For the highlanders Dr. Kidd entertained a strong attachment. huring sacramental occasions in the Gaelic Chapel he and his people always attended the lectures on the evenings of Thursday and Sabbath. One Sabbath evening during my time the doctor and his people, with many others, had come to the chapel doors a little before six, and found them shut. The crowd was immense, and the crush to get in was likely to be serious, as the numbers outside were increasing. Dr Kidd, in an authoritative voice, demanded why the doors were not opened and, receiving no answer, called out, "If they are not opened instantly, break them open." This utterance, unseemly on any occasion but much more so on the peaceful evening of a communion Sabbath, was in very bad taste, and savoured, indeed, not a little of the atmosphere of an Irish row. The Highland elders felt most indignant at the doctor's conduct, and a deputation of their number waited upon him to remonstrate with him oil the subject. He apologised by saying that, being a native of Ireland, he was suddenly seized with an "Irish fit," but that lie had no sooner uttered the words in question than he had repented of his rashness, and felt that lie had spoken unadvisedly. The peace was thus soon made up between him and the " Highland host," but he told me afterwards that their appearance in a body at his house, and their stern pertinacious faces, made him feel rather uneasy. "Of two of them," he added, "I had an instinctive terror. I was afraid of Alexander Murray's prayers, and equally so of Alexander MacDonald's fists." The allusion evidently was to a pugilistic encounter of MacDonald's with a drunken nephew. "Poor Saunders," he used to say, "was sorely tried; it was really too much for flesh and blood. There was a pitched battle between Saunder's Highland blood and Saunder's godliness, and the Highland blood won the day. A stalwart Highlander may be as godly and praying a man as you could wish, but plant your fist on his face, and lie can't for the life of him choose but give as good a blow in return."

The two great branches of the Secession, after various conferences and consultations, had united under the name of the "Associate Synod!' Dr. Kidd rejoiced at the union, and said that he believed that it was entered into by both parties under divine guidance. "For," he added, "had such a proposal been made many years ago, and had the very angels of heaven come among them to recommend it, the Seceders would have driven them away with pitchforks." There was nothing, however, which I more admired than Dr. Kidd's method in conducting divine service whenever he preached. After giving out a psalm, and uttering a beautiful prayer, he read a chapter. But, before doing so, lie directed the attention of his hearers to the lessons found in it. This done, he read the chapter without note or comment from first to last. The simple reading of the chapter exactly corresponding with the previous running commentary brought the lessons prominently into view, and let his hearers at once into the scope and substance of the whole taken in connection. I never more fully entered into, nor highly relished, the reading of a chapter of the Bible than when I was listening to Dr. Kidd.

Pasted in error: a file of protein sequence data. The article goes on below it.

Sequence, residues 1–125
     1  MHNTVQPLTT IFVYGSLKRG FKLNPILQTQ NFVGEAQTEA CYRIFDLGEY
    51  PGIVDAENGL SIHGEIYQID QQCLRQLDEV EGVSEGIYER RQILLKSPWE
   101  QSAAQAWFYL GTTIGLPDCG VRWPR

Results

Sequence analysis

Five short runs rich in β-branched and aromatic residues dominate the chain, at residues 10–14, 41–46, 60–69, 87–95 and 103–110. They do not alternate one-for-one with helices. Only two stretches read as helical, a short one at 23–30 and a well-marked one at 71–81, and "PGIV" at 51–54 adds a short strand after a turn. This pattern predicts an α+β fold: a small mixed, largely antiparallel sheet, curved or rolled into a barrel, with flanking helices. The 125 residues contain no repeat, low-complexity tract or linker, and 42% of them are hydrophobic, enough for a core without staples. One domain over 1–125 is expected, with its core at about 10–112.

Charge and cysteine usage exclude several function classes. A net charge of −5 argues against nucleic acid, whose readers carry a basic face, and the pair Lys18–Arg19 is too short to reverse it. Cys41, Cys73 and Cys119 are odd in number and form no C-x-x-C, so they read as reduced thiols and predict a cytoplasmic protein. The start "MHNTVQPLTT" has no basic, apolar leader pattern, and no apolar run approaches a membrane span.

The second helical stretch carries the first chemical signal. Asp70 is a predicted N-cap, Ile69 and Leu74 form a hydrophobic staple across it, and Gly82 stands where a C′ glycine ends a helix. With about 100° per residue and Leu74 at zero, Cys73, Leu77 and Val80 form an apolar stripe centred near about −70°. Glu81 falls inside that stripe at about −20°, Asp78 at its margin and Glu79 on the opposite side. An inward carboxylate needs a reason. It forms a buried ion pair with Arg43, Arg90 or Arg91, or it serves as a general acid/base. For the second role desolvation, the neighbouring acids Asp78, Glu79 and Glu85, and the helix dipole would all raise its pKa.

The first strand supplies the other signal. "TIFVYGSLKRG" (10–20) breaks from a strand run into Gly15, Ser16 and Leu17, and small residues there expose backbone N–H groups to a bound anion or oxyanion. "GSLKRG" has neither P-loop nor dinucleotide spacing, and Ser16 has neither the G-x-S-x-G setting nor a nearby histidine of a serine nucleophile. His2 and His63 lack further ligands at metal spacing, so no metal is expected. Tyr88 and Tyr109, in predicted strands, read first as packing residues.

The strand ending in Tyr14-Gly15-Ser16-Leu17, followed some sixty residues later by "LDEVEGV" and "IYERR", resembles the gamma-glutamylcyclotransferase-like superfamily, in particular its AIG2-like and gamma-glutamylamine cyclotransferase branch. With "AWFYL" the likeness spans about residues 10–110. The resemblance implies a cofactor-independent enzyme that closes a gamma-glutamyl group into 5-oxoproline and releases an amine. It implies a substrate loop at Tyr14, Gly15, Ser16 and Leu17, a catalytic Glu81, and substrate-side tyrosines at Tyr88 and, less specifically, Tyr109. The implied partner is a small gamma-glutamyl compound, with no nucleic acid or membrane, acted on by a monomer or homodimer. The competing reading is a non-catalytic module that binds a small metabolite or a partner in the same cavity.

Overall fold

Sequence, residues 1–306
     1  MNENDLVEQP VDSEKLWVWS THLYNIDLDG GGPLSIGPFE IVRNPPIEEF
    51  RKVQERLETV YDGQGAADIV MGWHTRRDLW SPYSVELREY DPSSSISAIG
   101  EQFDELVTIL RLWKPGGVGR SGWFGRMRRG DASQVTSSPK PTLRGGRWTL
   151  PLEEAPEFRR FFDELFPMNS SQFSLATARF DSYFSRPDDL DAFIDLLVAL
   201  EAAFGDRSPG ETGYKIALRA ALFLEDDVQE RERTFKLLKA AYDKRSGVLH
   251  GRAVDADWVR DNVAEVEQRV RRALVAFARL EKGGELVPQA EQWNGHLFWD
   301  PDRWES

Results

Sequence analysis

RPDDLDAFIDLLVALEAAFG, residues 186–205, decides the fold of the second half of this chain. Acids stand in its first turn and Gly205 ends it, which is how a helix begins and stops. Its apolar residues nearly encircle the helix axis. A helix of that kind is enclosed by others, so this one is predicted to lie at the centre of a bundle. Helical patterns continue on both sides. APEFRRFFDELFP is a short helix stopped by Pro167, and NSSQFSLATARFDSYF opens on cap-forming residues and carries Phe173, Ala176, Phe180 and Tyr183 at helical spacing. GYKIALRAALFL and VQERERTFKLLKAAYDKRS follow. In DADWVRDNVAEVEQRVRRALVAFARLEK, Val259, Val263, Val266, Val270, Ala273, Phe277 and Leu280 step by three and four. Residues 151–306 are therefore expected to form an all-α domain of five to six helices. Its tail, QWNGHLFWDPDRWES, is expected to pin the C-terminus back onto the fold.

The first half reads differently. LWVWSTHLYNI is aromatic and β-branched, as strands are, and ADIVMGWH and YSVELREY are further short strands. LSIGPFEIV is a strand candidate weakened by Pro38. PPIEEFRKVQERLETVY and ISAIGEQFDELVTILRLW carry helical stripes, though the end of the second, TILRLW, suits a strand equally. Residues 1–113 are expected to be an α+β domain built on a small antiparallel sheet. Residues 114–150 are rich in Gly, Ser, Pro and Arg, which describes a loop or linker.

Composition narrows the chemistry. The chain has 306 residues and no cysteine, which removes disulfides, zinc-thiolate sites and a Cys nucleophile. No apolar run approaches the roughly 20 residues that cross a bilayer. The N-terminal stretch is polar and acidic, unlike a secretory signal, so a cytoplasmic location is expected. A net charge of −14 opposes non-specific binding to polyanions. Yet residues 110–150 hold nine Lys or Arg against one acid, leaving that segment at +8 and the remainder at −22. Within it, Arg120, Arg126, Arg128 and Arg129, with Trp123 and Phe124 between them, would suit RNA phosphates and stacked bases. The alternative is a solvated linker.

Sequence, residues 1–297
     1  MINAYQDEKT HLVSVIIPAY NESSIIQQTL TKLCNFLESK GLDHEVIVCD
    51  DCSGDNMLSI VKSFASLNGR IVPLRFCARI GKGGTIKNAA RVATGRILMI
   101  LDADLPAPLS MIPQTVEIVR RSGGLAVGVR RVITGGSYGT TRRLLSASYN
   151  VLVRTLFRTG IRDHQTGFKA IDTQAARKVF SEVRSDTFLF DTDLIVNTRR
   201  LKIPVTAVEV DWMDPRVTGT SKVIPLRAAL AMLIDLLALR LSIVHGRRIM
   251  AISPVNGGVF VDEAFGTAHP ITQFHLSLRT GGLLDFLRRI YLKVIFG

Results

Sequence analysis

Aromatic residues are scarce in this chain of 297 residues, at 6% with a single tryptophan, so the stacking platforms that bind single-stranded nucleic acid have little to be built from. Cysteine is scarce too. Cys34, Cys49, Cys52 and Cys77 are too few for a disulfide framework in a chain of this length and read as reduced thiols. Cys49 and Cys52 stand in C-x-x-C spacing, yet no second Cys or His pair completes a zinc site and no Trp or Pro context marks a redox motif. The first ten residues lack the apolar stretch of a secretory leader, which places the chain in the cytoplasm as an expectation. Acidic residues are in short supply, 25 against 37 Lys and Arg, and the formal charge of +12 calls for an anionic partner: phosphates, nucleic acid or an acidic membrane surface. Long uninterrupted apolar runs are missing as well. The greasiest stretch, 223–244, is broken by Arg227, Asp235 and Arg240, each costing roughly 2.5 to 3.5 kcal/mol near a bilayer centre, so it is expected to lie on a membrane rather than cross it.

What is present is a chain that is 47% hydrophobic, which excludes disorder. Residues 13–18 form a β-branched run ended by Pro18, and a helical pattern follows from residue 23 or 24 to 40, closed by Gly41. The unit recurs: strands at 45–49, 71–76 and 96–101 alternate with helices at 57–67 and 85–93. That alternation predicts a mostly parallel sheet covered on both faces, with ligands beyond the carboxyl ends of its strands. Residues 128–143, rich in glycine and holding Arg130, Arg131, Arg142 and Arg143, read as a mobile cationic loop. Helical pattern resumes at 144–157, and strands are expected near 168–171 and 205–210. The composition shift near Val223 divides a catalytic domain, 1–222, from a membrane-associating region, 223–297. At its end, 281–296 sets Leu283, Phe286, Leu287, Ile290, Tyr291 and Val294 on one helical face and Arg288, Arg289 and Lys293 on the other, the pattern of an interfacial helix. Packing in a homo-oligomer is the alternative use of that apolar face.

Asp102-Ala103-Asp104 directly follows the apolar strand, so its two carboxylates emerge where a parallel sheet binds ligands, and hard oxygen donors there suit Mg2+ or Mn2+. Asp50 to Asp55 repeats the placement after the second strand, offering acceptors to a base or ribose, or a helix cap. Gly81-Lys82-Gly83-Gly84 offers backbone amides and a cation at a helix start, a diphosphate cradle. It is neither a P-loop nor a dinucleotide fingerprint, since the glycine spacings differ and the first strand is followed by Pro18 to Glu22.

But the most interesting conversation I had with Dr. Kidd was on the almost unsurmountable difficulties which he met with in preaching the gospel soon after lie was licensed. One evening, which he spent with me in my own house at the Braehead of Gilcomston, has left a vivid and most endearing recollection of him by the frankness and Christian sincerity with which lie stated the following particulars of his first outset in the ministry. "The great question with me then," said he, "was not what the gospel was in itself, for that, I thought, I not only understood, but in some measure felt in its power. But my difficulty was—How was I to preach the gospel as a trust committed to my charge? I was altogether dissatisfied with myself. I felt that I had taken too much upon me, that I had run unsent, and therefore, to satisfy my mind on the subject. I visited and consulted those who were considered pillars in the church." He then mentioned several eminent ministers with whom he had conversed on the subject. None of them, however, found for him a solid bottom in the deep waters through which he was passing, and in which he was frequently very nearly sinking altogether. lie had nothing for it at last but to cast himself simply and entirely on the Head of the church, and on His promise, "Go ye and preach, and, lo, I am with you always, even unto the end of the world." "O, Sir," he added with much fervency and with tear-moistened eyes, "men have failed me, and I have more than once fainted and failed myself, but He has failed me never, and I bless His holy name that He ever put me in trust with the gospel." lie died of apoplexy on Wednesday, the 24th Dec., 1834, at his own house in Aberdeen, in great peace and in the exercise of a good hope through grace. He was in the 74th year of his age and 34th of his ministry.